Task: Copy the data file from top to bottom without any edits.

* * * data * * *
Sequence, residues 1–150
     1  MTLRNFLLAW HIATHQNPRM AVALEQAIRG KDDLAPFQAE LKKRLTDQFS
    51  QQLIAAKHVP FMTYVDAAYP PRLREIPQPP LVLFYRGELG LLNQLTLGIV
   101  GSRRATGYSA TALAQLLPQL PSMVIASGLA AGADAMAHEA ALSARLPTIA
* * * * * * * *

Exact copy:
Sequence, residues 1–150
     1  MTLRNFLLAW HIATHQNPRM AVALEQAIRG KDDLAPFQAE LKKRLTDQFS
    51  QQLIAAKHVP FMTYVDAAYP PRLREIPQPP LVLFYRGELG LLNQLTLGIV
   101  GSRRATGYSA TALAQLLPQL PSMVIASGLA AGADAMAHEA ALSARLPTIA